Edwin Dennin v. Nancy Berryhill ( 2017 )

  •                                                                             FILED
                               NOT FOR PUBLICATION
                                                                                DEC 13 2017
                        UNITED STATES COURT OF APPEALS                       MOLLY C. DWYER, CLERK
                                                                              U.S. COURT OF APPEALS
                                FOR THE NINTH CIRCUIT
    EDWIN DENNIN,                                    No. 16-16684
                 Plaintiff-Appellant,                D.C. No. 3:15-cv-03686-SK
                                                     MEMORANDUM *
    Commissioner Social Security
                        Appeal from the United States District Court
                           for the Northern District of California
                          Sallie Kim, Magistrate Judge, Presiding
                              Submitted December 8, 2017**
                                San Francisco, California
    Before: THOMAS, Chief Judge, LUCERO*** and OWENS, Circuit Judges.
           Edwin Dennin appeals the district court’s affirmance of the Commissioner
                 This disposition is not appropriate for publication and is not precedent
    except as provided by Ninth Circuit Rule 36-3.
                 The panel unanimously concludes this case is suitable for decision
    without oral argument. See Fed. R. App. P. 34(a)(2).
                The Honorable Carlos F. Lucero, United States Circuit Judge for the
    Tenth Circuit, sitting by designation.
    of Social Security’s denial of supplemental security income and disability
    insurance benefits. Exercising jurisdiction under 28 U.S.C. § 1291, we affirm.
          We review a district court’s affirmance of an Administrative Law Judge
    (“ALJ”) decision de novo. Parra v. Astrue, 
    481 F.3d 742
    , 746 (9th Cir. 2007). An
    ALJ’s denial of benefits may be set aside only if “‘the ALJ’s findings are based on
    legal error or are not supported by substantial evidence in the record as a whole.’”
    Id. (quoting Tackett v. Apfel, 
    180 F.3d 1094
    , 1097 (9th Cir. 1999)). “Substantial
    evidence is such relevant evidence as a reasonable mind might accept as adequate
    to support a conclusion.” Id.
          Dennin argues the ALJ erred by rejecting the opinion of a treating physician.
    “As a general rule, more weight should be given to the opinion of a treating
    source than to the opinion of doctors who do not treat the claimant.” Lester v.
    81 F.3d 821
    , 830 (9th Cir. 1995) as amended (Apr. 9, 1996). Unless a
    treating source’s opinion is contradicted by another doctor, “it may be rejected
    only for ‘clear and convincing’ reasons.” Id. (quoting Baxter v. Sullivan, 
    923 F.2d 1391
    , 1396 (9th Cir. 1991)). “Even if the treating doctor’s opinion is contradicted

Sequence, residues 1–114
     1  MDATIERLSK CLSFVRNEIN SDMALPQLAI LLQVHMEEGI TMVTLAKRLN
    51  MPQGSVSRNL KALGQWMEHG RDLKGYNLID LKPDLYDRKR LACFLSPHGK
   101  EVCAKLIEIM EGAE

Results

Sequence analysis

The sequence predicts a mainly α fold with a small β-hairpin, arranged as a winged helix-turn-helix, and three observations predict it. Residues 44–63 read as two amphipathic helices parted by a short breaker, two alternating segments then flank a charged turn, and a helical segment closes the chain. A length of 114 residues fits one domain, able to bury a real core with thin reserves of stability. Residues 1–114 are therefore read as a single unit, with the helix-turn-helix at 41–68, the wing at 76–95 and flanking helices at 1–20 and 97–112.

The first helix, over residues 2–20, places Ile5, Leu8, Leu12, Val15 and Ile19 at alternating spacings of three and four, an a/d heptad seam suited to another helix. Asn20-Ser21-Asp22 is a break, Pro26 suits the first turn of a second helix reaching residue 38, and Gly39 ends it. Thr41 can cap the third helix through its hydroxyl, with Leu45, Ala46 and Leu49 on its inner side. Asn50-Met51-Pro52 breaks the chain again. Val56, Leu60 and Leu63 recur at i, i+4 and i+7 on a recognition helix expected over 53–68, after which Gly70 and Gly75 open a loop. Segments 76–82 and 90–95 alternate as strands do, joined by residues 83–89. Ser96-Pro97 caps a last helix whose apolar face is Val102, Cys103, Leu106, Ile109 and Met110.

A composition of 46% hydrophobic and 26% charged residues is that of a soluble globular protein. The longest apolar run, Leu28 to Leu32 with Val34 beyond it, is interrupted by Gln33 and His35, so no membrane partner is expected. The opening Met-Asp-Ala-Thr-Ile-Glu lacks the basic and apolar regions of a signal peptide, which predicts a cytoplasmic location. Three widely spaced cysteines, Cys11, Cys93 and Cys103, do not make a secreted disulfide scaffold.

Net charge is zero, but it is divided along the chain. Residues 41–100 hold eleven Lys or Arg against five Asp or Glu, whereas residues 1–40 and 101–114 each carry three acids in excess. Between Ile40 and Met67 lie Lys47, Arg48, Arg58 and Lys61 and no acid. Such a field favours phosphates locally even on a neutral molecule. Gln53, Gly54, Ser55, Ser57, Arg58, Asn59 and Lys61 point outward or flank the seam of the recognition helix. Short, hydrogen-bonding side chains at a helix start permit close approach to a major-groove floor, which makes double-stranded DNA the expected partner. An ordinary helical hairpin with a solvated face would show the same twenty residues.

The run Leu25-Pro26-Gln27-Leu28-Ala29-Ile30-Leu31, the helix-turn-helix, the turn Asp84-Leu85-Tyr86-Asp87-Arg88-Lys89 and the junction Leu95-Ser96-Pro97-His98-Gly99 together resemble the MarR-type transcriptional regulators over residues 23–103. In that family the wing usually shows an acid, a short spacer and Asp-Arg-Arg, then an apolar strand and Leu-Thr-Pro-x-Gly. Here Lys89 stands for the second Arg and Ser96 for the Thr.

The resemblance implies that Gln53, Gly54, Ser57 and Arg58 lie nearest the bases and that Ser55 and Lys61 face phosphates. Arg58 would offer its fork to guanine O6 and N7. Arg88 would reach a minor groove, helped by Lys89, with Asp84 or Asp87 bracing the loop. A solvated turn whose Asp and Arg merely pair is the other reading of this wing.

by another doctor, the [ALJ] may not reject this opinion without providing
    ‘specific and legitimate reasons’ supported by substantial evidence in the record
    for so doing.” Id. (quoting Murray v. Heckler, 
    722 F.2d 499
    , 502 (9th Cir. 1983)).
          The ALJ provided three reasons for giving little weight to the opinion of
    Dennin’s treating physician: (1) the physician’s limited time treating Dennin; (2)
    her questionable objectivity; and (3) her opinion’s inconsistency with the record
    and her treatment notes. We conclude the ALJ adequately explained the bases for
    rejecting the treating physician’s opinion, and that the explanation was supported
    by substantial evidence. See Ghanim v. Colvin, 
    763 F.3d 1154
    , 1161 (9th Cir.
    2014) (“A conflict between treatment notes and a treating provider’s opinions may
    constitute an adequate reason to discredit the opinions of a treating physician or
    another treating provider.”); Benton ex rel. Benton v. Barnhart, 
    331 F.3d 1030
    1038 (9th Cir. 2003) (stating that weight afforded treating physician may be
    viewed as “a continuum reflecting the duration of the treatment relationship and
    the frequency and nature of the contact” (quoting Ratto v. Sec’y, Dep’t of Health &
    Human Servs., 
    839 F. Supp. 1415
    , 1425 (D. Or. 1993))); Matney ex rel. Matney v.
    981 F.2d 1016
    , 1020 (9th Cir. 1992) (holding an ALJ may give little
    weight to a treating physician who “had agreed to become an advocate”).
          Dennin also raises a number of issues that he did not advance before the
    district court. “As a general rule, an appellate court will not hear an issue raised
    for the first time on appeal.” Whittaker Corp. v. Execuair Corp., 
    953 F.2d 510
    , 515
    (9th Cir. 1992). We may exercise our discretion to excuse waiver to prevent a
    miscarriage of justice, if a new issue is based on a change in law, or if the issue is
    purely one of law. Bolker v. Comm’r, 
    760 F.2d 1039
    , 1042 (9th Cir. 1985).
    Having thoroughly considered the issues presented by Dennin for the first time on
    appeal, we decline to excuse his waiver.